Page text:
Wine Service in Europe

By Franz Scheurer


I ask myself seriously if it is simply time for me to return home to Australia or if culinary standards have really slipped that far in Europe. Maybe a bit of both, but I have racked my brain to remember a single place that knows what wine service is all about, and failed to be able to name one. There is a total lack of professionalism at all levels and across all price categories. From the three Michelin star restaurant, via the Jeunes Restaurateurs (guide for the young restaurateurs of Europe), to the local truck stop, they all have one thing in common: they don’t know how to serve their wines, nor do they seem to care. Here are some examples:


In a three Michelin star restaurant the sommelier took our order for a magnum of a very respectable aged Burgundy and disappeared only to reappear with a magnum decanter. He never showed us the bottle, nor did he open it at the table. When we questioned the wine (it was clearly oxidised) he simply stated that there was nothing wrong with this wine, this was the way it was meant to be. (sniff!) Here we have a classic combination of three star incompetence matched only by three star attitude.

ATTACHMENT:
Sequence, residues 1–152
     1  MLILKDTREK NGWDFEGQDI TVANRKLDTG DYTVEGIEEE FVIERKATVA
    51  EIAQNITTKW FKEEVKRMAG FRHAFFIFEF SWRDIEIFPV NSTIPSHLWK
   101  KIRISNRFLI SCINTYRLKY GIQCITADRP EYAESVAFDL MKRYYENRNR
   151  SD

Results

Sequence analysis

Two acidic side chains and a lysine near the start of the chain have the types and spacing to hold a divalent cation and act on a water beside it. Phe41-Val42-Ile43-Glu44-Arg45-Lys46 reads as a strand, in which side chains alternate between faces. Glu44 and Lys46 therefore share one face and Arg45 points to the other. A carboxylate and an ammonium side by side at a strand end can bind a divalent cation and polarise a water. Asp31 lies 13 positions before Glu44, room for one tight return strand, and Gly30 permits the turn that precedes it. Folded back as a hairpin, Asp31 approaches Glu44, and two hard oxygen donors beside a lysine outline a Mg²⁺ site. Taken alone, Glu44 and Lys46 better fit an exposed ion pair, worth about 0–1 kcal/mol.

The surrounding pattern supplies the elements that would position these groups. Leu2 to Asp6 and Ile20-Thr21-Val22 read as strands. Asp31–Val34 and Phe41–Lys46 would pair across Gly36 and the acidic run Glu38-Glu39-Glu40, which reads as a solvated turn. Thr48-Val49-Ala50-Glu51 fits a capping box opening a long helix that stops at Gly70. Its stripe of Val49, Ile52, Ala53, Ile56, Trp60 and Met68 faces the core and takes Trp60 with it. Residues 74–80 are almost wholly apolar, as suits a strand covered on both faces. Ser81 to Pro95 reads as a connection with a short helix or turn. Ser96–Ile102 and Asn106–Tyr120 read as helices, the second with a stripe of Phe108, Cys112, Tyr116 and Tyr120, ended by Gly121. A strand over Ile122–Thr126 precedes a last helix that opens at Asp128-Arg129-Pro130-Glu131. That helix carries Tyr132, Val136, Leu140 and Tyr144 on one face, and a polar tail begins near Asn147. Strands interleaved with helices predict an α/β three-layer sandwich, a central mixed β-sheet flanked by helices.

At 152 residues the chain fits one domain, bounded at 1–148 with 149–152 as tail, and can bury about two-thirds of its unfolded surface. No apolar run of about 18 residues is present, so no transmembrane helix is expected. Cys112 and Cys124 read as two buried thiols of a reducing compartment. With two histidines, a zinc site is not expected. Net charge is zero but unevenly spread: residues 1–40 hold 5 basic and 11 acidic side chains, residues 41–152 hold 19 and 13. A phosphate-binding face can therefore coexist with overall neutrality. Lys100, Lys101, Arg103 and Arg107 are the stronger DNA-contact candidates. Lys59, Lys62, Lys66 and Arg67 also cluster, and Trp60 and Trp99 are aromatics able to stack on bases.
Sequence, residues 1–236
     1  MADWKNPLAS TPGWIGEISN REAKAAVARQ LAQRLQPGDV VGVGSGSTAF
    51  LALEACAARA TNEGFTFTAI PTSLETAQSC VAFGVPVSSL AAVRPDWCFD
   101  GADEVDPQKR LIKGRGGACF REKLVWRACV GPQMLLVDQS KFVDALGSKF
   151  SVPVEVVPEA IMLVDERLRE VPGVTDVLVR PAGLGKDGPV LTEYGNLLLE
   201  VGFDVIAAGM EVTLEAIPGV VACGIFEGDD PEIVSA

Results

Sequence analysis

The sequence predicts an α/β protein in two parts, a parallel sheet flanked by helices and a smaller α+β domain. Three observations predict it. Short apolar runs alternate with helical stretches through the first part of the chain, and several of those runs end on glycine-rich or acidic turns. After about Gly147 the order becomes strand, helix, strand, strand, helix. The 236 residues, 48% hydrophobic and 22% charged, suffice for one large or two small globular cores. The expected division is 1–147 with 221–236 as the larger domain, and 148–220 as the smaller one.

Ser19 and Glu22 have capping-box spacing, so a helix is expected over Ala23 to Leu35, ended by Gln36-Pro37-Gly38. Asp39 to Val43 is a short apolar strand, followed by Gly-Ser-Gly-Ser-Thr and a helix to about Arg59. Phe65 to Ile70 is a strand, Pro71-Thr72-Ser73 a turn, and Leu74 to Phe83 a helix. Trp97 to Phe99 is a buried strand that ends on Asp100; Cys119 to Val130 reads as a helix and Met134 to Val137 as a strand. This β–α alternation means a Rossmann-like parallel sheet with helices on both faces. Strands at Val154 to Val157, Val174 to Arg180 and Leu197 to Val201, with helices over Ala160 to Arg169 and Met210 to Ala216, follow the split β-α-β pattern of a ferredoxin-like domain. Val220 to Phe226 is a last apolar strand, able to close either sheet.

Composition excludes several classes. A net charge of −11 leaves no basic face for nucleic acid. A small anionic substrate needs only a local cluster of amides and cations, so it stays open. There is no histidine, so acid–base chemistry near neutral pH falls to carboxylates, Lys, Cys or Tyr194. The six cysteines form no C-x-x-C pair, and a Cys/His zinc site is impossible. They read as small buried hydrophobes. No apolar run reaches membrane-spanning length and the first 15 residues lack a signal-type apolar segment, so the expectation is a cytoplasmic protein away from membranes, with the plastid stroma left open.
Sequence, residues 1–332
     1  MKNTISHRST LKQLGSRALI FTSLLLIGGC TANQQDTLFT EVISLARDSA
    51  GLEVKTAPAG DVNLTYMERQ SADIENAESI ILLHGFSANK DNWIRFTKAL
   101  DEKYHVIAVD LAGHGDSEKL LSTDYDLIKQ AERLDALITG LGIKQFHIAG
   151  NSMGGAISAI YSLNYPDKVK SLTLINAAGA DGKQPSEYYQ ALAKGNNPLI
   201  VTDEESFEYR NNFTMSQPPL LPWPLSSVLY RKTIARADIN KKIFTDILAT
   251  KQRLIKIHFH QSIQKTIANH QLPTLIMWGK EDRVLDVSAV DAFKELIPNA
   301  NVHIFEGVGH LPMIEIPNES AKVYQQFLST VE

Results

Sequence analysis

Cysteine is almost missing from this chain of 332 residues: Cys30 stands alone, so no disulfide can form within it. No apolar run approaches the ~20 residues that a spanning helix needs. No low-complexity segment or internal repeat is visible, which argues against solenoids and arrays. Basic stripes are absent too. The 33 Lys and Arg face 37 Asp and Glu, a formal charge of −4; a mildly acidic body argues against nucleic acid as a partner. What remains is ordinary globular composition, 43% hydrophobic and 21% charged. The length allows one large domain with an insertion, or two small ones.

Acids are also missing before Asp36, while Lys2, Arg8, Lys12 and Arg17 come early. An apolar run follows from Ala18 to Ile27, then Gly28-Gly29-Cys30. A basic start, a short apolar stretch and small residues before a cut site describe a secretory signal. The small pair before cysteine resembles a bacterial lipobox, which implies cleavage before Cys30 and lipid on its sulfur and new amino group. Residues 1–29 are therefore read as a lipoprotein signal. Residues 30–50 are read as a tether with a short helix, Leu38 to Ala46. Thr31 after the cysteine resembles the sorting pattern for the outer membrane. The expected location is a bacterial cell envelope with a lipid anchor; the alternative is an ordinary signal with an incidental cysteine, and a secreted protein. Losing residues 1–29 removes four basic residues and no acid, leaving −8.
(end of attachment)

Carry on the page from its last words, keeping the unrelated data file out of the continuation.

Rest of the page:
A Jeunes Restauranteurs place in the Alsace didn’t fare much better with pouring the wine from one central location across the diners then failing to notice empty glasses during the rest of the evening (we had to get up to reach the wine bottle and fill our own glasses). At least they opened the wines at the table.


Other star studded restaurants either didn’t bother bringing us a wine list at all and we had to ask for it, or they took the order and failed to bring the wine or the right wine.


And so it goes on. There is no excuse for the lack of basic wine service. It is consistently bad. We found the same in Italy, Switzerland and France and it honestly baffles me. Have we come such a long way or have the standards in Europe slipped so badly?


I also noticed a real lack of enthusiasm from sommeliers and waiting staff for their wine lists and wines. I expect a mixture of knowledge and salesmanship when I talk to a sommelier. I love sparring with a sommelier, exchanging knowledge and learning, but I am baffled by a “Je m’en fout” attitude which clearly says “I don’t give a damn”.


The opposite is fortunately true of the winegrowers and wine makers. They seem to have acquired all the knowledge, passion and eagerness to pass on and share knowledge. Maybe they know that their product is treated with contempt at the “grand tables of Europe”.